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Green Tea


About Green Tea



Introduction

Green tea is almost synonymous with wellbeing; of all the brew-worthy descendants of the Camellia sinensis plant, green tea is the one most associated with salubriousness. There has been a great deal of interest, both public and scientific, in the reputed medicinal properties of the drink and many studies have probed these claims. For more information, see the Kettle Shed’s full green tea guide.

Most prevalent in Japan and China (from whence it first hailed), the consumption of green tea is increasing in the West as word spreads of its rich history and traditions, bright taste and potential health benefits. Whilst many westerners report an inferior flavour in comparison to black or oolong teas, green tea compensates with its delicacy and fortification of fettle. Rather like a 25-year-old single malt scotch, it is an acquired taste, but one infinitely worth acquiring.

Taste

The flavours of individual green teas are so diverse that defining the taste of green tea in general is rather tricky. Nevertheless, it is fair to say that; overall, green tea possesses a sharper, brighter flavour than other varieties, individual flavours varying from the velvety sweetness of Matcha, to the astringent zest of Gunpowder.

As it is made from the least oxidised leaves (and is therefore closer to its natural, unrefined form), some drinkers report a ‘grassy’ aftertaste. If the heady herbal essence disagrees with your palette there are alternative black and yellow teas with similar properties but more a refined taste. Moreover, you can add certain ingredients to the brew to tailor the taste to your liking; popular additions include honey, sugar, syrup and milk.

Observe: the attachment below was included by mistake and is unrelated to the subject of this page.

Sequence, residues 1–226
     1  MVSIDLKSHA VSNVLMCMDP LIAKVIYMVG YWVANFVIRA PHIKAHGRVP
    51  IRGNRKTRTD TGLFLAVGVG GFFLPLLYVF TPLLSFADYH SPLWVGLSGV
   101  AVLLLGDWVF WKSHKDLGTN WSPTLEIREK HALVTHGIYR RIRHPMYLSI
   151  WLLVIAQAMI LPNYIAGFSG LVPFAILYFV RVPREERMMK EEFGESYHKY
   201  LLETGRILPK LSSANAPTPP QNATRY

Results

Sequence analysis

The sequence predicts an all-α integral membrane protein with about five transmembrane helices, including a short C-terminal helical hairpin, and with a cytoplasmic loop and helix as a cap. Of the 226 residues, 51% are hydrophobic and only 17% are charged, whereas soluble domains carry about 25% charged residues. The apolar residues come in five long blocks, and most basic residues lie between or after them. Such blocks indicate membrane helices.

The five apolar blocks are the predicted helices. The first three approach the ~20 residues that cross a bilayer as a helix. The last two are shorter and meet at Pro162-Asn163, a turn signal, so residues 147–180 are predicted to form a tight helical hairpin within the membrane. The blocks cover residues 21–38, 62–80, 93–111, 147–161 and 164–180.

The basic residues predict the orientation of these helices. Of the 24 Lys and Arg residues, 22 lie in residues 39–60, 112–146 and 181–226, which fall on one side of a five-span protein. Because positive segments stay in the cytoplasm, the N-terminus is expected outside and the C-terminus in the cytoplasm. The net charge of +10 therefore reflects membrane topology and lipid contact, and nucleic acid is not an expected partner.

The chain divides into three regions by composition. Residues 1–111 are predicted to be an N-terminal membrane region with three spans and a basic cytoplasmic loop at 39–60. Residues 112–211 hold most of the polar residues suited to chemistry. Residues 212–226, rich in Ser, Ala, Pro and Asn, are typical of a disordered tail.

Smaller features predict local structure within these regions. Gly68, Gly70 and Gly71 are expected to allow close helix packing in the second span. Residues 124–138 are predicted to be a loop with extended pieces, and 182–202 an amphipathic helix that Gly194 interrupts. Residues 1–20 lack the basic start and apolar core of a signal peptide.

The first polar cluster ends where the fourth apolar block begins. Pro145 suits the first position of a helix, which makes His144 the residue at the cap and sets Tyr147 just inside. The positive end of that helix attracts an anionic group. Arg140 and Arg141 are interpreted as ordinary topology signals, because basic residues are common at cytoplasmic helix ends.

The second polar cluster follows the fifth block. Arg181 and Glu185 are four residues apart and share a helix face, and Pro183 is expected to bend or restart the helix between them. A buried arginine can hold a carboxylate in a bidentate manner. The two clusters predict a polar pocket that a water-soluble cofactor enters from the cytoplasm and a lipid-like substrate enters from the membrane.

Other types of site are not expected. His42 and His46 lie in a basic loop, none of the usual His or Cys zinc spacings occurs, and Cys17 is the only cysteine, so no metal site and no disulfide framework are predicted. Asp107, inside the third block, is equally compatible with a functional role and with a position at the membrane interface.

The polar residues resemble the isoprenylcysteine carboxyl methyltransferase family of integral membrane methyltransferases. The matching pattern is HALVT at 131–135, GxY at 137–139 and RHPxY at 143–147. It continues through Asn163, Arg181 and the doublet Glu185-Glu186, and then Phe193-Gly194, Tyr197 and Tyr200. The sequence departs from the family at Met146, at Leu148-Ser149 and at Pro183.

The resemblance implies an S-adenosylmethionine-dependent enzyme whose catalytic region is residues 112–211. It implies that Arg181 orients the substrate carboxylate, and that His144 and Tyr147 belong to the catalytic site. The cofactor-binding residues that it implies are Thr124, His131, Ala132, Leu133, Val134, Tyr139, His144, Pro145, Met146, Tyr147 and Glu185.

Health

Green tea has provoked much speculation concerning the potential health benefits of its consumption. Some of these claims are rooted in rumour and folklore, whilst other claims have been discovered, supported or disproved by scientific study. Before exploring these assertions, it is important to note that research into the health benefits of tea is still in its infancy and there is still much to learn.

The Kissa Yojoki (or ‘Book of Tea’), penned by the Zen priest Eisai in 1191AD, provided one of the earliest essays into the effects of green tea, these included help alleviating tiredness, drunkenness, blotchiness and indigestion. Eisai also asserted that green tea could cure Beriberi disease, enhance one’s mental and urinary faculties and even submits the outlandish idea that it can quench thirst.

More recent, and perhaps empirical, research has been conducted to determine what effects green tea has on the body. Steel yourself, here comes the science!

In Edinburgh, research performed at the Queen Margaret University indicated that green tea consumption reduced certain cardiovascular risk factors, such as cholesterol and blood pressure.

Researchers at the University of Birmingham found that ingesting green tea extract increased beta (fat) oxidation, the process by which bodily fats are broken down to provide energy.

A study at the University of Hong Kong seemed to indicate that the catechins in green tea were absorbed optically, alleviating stress on the eye for almost a day. This means that the ingestion of those catechins could help to prevent eye conditions such as glaucoma. However this has not been tested on humans yet.

Green tea does not contain as much caffeine as black tea, nor does it possess the theaflavin antioxidant. Instead, green tea boasts the highest concentration of the catechin affectionately known as epigallocatechin gallate (or EGCG), which is the focus of much scientific attention.

A study at the Slovenian National Institute of Chemistry found that EGCG may contribute to oral hygiene.

Another study, conducted on mice with Alzheimer’s and Parkinson’s disease at the Institute of Technology in Israel, showed that EGCG not only helped prevent the loss of brain cells, it actually restored some damaged neurons. Further research is currently in progress.